London, a myriad of invigorating and distracting stimuli, does not always conduce productivity. I hadn’t made anything in months and the release of ideas from the cells in my brain didn’t match the rate at which new ones were being conceived; incarcerated in what was becoming an overcrowded, head shaped prison.
Three months in Tartu were an opportunity to escape and to focus. An opportunity to let some of the inmates out and avert the ensuing riot (whatever that would be). So I got my head down and emptied it into my first ever solo show. As is becoming standard with my work, this involved a joyous interval of experimentation and investigation, followed by a long, arduous period; monotonously and laboriously dragging a concept to something that resembles its logical conclusion. I love it.
Unfortunately, this mode of practice – whilst lending itself to the exploration of ideas, does not translate to the exploration of cities. My time in Tartu was so focused on the manufacture of my work that I am much more disposed to give advice about its hardware stores than its many restaurants or cafes. For some reason your friends give you an odd look when, having disappeared for three months, you come back with more to say on laser cutting at a Makerlab than which sights to see.
That’s not to say that all I did was work. In fact, a surprising amount of time was made to get to know Tartu’s fauna. It was a strange day when, instead of being woken by the tumultuous ringing of church bells, I was stirred by a distinctly desperate rustling. Clumsily arming myself with a wooden spoon I searched for the source of the disturbing sound – thoughts of combat with large men in balaclavas flashed through my mind, the imagined adversary getting smaller as each room in the flat was cleared. Only the bathroom remained. I took a moment to steel myself and entered. Nothing was there, but the feeling I was being watched came over me, unnerved me. My eyes locked on the shower vent, the only place left unchecked, and with hands shaking and spoon raised I removed its cover. A small, feathered, and delightfully calm creature looked back at me – I quickly named him Terrence and we became good friends. I don’t know whether it was the bitter blizzard raging outside, or the pigeon’s equivalent of a smorgasbord that I laid out for him but, Terrence seemed quite content in his vent. Later, he politely made his way to the living room, shunning my offerings of water and bread in favor of dates and raisins – a man after my own tastes for sure. Turning his back on the open windows, adamant that he was staying in the warm for a good deal while longer, he took up a perch and stared at me inquisitively whilst I went about my day – as though I was the weird one. It was clear Terrence wasn’t like other pigeons; his relaxed demeanor, penchant for the great indoors and unusual tidiness set him apart from the rest. Nevertheless, I knew the relationship couldn’t last – and so with words of encouragement, and bribes of nuts, I led Terrence outside and commenced our teary goodbye. Knowing that every time I opened a packet of dried fruits, his memory would grace my thoughts.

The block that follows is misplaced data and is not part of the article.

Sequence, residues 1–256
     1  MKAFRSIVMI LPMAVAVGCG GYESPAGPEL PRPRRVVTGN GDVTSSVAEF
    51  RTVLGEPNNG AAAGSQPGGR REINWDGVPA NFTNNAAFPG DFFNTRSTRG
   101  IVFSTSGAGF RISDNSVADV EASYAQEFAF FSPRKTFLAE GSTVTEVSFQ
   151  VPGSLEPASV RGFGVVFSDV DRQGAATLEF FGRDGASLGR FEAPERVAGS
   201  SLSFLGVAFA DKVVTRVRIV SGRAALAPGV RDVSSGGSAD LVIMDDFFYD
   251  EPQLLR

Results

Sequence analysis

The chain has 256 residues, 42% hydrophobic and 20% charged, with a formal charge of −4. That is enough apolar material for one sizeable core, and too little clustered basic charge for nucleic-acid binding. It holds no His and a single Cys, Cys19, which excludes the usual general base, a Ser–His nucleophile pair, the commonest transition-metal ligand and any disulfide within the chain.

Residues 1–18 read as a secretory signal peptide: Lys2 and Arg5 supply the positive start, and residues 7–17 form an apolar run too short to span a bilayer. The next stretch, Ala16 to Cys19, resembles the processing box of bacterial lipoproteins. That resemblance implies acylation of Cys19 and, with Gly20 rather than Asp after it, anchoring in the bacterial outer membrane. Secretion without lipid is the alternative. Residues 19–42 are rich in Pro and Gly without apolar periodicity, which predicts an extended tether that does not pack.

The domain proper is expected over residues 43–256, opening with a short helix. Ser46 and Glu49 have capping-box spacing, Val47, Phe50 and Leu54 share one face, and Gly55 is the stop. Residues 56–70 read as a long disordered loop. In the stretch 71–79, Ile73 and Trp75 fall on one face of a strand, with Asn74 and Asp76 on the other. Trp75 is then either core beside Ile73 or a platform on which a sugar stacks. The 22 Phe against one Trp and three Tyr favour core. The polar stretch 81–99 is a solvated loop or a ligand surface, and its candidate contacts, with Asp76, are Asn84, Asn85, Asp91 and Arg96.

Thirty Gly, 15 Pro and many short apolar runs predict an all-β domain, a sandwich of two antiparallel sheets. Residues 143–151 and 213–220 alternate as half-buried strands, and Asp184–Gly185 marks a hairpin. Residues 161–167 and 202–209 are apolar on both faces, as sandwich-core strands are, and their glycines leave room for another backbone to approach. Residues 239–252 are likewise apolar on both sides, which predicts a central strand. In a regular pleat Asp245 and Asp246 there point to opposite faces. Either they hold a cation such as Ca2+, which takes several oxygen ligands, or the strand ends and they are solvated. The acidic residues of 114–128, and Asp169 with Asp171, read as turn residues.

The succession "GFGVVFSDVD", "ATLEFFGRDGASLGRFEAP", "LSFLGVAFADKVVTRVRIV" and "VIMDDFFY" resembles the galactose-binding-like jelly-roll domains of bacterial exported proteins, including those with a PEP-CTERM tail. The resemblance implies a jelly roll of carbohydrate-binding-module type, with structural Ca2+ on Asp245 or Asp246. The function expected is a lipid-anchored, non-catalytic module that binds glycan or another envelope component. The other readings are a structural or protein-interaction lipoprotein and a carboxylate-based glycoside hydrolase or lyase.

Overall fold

With all of that silliness aside, some genuine thanks are in order. The time and space provided to me by the residency allowed me to achieve something I had never done before. As such, I am indebted to everyone at the Printing Museum for making me feel so welcome in a city that wasn’t my own, to Käty for allowing me to use her beautiful gallery space Ag47 and lastly to Timo who, for three months graciously shared his studio space, his tools and his invaluable insights with me. Thank you!